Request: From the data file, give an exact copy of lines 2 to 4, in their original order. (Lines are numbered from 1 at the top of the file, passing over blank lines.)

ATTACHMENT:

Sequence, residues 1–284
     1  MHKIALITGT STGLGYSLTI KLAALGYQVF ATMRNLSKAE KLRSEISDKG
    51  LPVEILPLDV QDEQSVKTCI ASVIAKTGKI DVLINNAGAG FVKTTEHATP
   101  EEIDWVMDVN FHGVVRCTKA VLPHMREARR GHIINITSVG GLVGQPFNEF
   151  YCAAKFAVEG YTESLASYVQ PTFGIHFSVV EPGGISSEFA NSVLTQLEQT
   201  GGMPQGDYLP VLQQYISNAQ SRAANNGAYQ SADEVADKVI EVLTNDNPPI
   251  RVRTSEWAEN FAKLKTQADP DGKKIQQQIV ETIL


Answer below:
     1  MHKIALITGT STGLGYSLTI KLAALGYQVF ATMRNLSKAE KLRSEISDKG
    51  LPVEILPLDV QDEQSVKTCI ASVIAKTGKI DVLINNAGAG FVKTTEHATP
   101  EEIDWVMDVN FHGVVRCTKA VLPHMREARR GHIINITSVG GLVGQPFNEF